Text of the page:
Camel cull to proceed in Australia amid wildfire crisis

Feral camels are pictured walking in Boulia, central west Queensland, Australia. File/Getty Images

Around 10,000 camels are set to be slaughtered in Australia due to the severe drought situation in the country.

According to the Australian Broadcasting Corporation, feral camels have been entering communities in search of water, endangering people’s safety.

The camel cull will happen in the remote north-west region of the Anangu Pitjantjatjara Yankunytjatjara (AYP) Lands, the publication states.

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The increase in the camel population in the area has posed threat to its infrastructure, putting in danger the lives of families and community members as thousands of camels flock to their water sources amid the drought, according to the South Australia Department for Environment and Water (DEW).

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The persistent heat and drought have also exacerbated the wildfire crisis in Australia, which is experiencing its worst bushfire season in decades.

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The APY Lands released a statement on its Facebook page regarding the camel cull, saying it would involve aerial operations.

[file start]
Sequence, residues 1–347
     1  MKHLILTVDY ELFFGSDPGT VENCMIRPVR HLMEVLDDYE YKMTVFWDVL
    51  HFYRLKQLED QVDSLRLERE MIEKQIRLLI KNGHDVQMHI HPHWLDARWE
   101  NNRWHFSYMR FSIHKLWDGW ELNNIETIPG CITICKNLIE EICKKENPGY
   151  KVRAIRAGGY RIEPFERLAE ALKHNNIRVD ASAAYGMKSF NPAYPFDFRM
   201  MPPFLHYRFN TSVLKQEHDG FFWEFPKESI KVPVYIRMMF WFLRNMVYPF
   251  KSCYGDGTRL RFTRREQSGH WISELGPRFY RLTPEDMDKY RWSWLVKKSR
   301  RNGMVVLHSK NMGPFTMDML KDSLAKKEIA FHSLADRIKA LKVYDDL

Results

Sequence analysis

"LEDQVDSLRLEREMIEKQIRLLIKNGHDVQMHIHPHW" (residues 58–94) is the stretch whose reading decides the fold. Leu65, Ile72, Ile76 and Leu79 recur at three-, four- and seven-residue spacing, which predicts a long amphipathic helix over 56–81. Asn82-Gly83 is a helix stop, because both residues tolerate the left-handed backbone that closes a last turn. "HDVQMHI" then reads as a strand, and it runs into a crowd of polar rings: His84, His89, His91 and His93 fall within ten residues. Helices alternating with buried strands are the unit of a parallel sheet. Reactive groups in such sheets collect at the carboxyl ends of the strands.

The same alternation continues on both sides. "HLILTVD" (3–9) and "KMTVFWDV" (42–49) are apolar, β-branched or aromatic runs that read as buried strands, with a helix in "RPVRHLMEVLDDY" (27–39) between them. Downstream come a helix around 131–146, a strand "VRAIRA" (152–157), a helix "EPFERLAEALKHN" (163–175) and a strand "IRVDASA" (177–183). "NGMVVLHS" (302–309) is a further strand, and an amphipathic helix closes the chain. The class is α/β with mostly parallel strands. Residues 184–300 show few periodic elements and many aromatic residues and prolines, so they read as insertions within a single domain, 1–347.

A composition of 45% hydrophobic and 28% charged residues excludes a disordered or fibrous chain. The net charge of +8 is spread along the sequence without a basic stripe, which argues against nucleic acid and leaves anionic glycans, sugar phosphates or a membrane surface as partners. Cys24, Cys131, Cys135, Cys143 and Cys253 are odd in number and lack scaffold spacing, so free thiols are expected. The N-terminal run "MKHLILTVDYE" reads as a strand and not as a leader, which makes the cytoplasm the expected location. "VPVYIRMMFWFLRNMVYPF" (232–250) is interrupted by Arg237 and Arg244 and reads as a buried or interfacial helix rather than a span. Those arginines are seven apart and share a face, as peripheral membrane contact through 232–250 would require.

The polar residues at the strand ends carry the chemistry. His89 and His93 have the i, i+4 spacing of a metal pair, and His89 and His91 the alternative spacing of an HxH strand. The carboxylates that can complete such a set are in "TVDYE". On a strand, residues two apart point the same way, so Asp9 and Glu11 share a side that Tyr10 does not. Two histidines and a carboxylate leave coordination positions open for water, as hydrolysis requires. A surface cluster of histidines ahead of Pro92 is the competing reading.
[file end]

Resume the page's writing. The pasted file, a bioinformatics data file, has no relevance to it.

Richard King, APY Lands manager, told ABC the camels typically come right into communities to find water, giving them the opportunity to cull all at once.

“It gives us an opportunity to get them while they’re all together, because generally they’ll go and move around the desert in smaller herds,” he said.

“So while they’re all together it’s a great time to have a cull and clean out some of the animals that are destroying some of our native vegetation.”

He added that dead camels have also been responsible for serious contamination in the rural lands.

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“In some cases, dead camels have contaminated important water sources and cultural sites,” he said.

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This isn’t the first time camel culling has occurred in Australia.

Every summer in the country, camels emerge from the Gibson Desert in search of water. They drain water points meant for cows, destroy fences and steal feed, the ABC reported last year.

In 2009, The Guardian reported that camels double their population every nine years, meaning there are now about one million camels roaming the country.

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That year, the government pledged AU$19 million to a program to help limit the population by sending shooters on foot and by helicopter to kill the overpopulated species.

It has even considered a proposal to turn some of them into burgers and other foods.

Camels were first brought to the country to help with exploration in the 19th century.